Commodes for the Elderly

It may be a topic that makes some people uncomfortable, but there may come a time when a commode becomes necessary for yourself or a loved one. A commode is a portable toilet that is used inside the home when a person cannot reach the bathroom. There are several variations, but it basically looks like a chair and typically has handlebars around it with a receptacle below it for waste that is emptied and cleaned. There is no running water attached to a commode.

Who Needs to Use a Commode?

When a person has limited mobility, so much so that getting up to get to the bathroom is a challenge, a commode may come in handy. A commode can also be useful if someone is recovering from an injury and is immobile. It can be used on a temporary basis until a person feels stable enough to walk to the bathroom once again.

Types of Commodes

There are different types of commodes to accommodate a variety of needs a person may experience.

  • Bedside Commode- This is the most common type of commode. It stands alone and has a toilet seat, frame, and a removable bucket to catch waste. There are bedside commodes that stay stationary and those that fold. Since the waste bucket is removable, many bedside commodes can also fit over standard toilet seats to provide extra support and allow for a raised toilet seat. This is a good option if a person can still walk to the bathroom but needs some extra support. Some of these commodes can also fit inside of a shower if need be. They are often called 3-in-1 commodes because they serve three functions; beside commode, raised toilet seat, and shower use.
  • Commode with Wheels- These types of commodes are useful if they are going to be moved around a lot. It alleviates the issue of picking it up and carrying it somewhere for the caregiver.
  • Bariatric Commode- This is a heavy duty commode made for people who weigh over 300 pounds. Some bariatric commodes can support up to 1,000 pounds. This commode often has a padded seat that is deeper and wider than a standard one.
  • Shower Commode Mobile Chair- This chair looks like a small wheelchair, but is also equipped with a commode bucket. It can be rolled right into a shower (provided the shower is large enough) and used while a person bathes. These types of chairs are made out of rust-proof materials making them perfect for use in the shower. There are adjustable height and angle footplates as well to provide the most comfort possible.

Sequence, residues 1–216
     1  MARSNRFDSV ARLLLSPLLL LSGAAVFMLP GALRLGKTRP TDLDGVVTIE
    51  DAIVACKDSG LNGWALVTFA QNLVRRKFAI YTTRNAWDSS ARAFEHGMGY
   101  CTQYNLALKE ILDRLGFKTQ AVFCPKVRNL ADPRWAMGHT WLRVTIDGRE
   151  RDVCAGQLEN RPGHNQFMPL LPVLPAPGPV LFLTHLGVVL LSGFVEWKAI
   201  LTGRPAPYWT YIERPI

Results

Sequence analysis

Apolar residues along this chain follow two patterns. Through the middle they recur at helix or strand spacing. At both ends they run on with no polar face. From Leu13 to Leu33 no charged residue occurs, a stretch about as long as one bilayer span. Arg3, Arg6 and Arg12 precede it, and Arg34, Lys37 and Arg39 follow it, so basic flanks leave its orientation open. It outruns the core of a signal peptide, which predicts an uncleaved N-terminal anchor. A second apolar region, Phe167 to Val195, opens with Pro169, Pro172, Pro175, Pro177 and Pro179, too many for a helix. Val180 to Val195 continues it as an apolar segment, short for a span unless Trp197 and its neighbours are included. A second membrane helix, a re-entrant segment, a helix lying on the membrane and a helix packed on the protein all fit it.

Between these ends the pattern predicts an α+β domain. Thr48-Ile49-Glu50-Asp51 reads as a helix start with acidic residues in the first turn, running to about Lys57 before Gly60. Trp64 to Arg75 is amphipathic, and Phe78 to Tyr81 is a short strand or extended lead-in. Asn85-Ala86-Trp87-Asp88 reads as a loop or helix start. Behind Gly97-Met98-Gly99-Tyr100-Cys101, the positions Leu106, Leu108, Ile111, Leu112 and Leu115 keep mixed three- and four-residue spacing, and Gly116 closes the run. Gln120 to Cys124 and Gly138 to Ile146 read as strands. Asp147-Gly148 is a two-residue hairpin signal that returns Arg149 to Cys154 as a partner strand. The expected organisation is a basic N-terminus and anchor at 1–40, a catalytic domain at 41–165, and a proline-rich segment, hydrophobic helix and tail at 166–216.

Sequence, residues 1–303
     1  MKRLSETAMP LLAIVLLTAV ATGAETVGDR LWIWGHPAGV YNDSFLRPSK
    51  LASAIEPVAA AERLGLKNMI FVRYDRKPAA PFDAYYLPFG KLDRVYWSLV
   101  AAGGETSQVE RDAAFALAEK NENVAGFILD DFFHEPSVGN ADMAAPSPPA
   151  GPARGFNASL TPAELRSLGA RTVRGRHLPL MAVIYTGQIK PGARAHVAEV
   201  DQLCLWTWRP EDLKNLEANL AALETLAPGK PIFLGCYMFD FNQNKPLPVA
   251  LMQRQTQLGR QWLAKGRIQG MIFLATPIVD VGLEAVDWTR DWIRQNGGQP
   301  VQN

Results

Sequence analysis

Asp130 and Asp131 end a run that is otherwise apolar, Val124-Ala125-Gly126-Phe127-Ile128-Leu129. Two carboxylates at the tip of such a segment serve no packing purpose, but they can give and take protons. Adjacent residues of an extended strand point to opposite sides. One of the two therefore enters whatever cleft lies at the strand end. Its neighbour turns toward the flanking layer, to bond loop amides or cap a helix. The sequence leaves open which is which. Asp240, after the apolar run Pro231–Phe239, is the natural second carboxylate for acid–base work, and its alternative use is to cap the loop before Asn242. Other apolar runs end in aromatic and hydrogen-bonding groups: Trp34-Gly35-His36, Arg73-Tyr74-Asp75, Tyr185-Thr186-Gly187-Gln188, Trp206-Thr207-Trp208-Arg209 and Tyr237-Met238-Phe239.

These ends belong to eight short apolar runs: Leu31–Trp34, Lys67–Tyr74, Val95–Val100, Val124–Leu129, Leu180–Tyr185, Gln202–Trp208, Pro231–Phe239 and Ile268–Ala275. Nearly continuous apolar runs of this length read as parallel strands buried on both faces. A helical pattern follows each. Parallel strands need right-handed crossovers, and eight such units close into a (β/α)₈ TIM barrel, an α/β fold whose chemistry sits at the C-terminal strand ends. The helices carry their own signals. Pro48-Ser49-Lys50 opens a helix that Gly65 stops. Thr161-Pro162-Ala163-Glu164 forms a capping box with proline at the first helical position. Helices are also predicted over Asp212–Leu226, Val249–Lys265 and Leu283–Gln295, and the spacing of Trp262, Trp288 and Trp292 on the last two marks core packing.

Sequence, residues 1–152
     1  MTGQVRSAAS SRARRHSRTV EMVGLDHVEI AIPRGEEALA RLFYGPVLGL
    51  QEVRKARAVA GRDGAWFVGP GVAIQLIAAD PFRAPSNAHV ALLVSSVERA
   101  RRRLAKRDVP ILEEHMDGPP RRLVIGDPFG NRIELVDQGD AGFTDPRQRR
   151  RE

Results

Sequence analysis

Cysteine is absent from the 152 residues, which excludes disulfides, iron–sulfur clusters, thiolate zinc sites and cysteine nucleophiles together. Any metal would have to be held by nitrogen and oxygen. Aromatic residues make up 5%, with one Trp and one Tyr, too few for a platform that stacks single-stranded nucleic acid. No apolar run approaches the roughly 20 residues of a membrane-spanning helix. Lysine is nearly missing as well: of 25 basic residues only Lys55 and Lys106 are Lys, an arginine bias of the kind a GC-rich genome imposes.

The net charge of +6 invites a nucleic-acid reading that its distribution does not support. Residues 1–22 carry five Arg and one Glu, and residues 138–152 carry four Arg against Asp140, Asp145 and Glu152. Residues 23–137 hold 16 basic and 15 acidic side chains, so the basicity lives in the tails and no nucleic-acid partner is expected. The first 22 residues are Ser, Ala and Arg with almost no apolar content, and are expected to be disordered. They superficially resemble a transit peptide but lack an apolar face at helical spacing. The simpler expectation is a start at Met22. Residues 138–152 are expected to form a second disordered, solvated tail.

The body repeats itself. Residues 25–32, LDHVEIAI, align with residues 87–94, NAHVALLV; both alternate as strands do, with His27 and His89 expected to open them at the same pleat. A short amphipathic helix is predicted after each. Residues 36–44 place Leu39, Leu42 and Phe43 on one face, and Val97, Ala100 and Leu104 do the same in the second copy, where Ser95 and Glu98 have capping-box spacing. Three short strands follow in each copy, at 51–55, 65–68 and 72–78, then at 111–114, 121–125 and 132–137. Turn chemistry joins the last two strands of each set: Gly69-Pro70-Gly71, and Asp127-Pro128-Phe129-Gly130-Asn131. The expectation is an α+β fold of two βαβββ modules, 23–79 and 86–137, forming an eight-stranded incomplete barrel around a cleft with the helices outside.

• Drop Arm Commode- This type of commode looks like the standard bedside commode but has the option to drop the side arm. This allows for patients to easily move from a bed onto the commode. Once a person is safely transferred, the drop arm goes back up in place for support.

Things to Consider Before Buying a Commode

Once you determine what type of commode is suitable, there are other things to consider.

  • Is there someone who can clean it regularly? Since the person using the commode probably won’t be able to do it, be sure someone is able and willing to do it.
  • Do you need one that can do more than one thing? If you just need a standard commode now but foresee you will need one that’s mobile in the near future it may be wise to invest in the dual-purpose one now.
  • What are the measurements of the space? If you’re planning on using the commode in the shower take measurements to be sure it will fit.

Does Insurance Cover a Commode?

Medicare Part B will cover 80% of the cost of a commode if it’s ordered by the doctor. You will pay 20% of the cost and the Part B deductible will also apply.

Although Medicaid coverage is decided on a state by state basis, commodes are generally covered by Medicaid. Also, if you have Medicare Part B and Medicaid it is likely that Medicaid will cover the 20% that Medicare did not. This means no out of pocket cost for you. It’s a good idea to see what rules apply where you live.

Another option is Veterans’ benefits. These benefits typically cover durable medical equipment, such as commodes. It’s good to see what your individual plan covers to see what you’re eligible for when it comes to home supplies.

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Linda’s Acclaimed Career in Senior Care Linda Schlenker is a comforting voice for seniors and caregivers across the U.S. For nearly three decades, Linda has helped seniors remain safe in their own homes, while helping them to regain priceless independence and peace… Learn More About Linda Schlenker

Since graduating from Harvard with an honors degree in Statistics, Jeff has been creating content in print, online, and on television. Much of his work has been dedicated to informing seniors on how to live better lives. As Editor-in-Chief of the personal… Learn More About Jeff Hoyt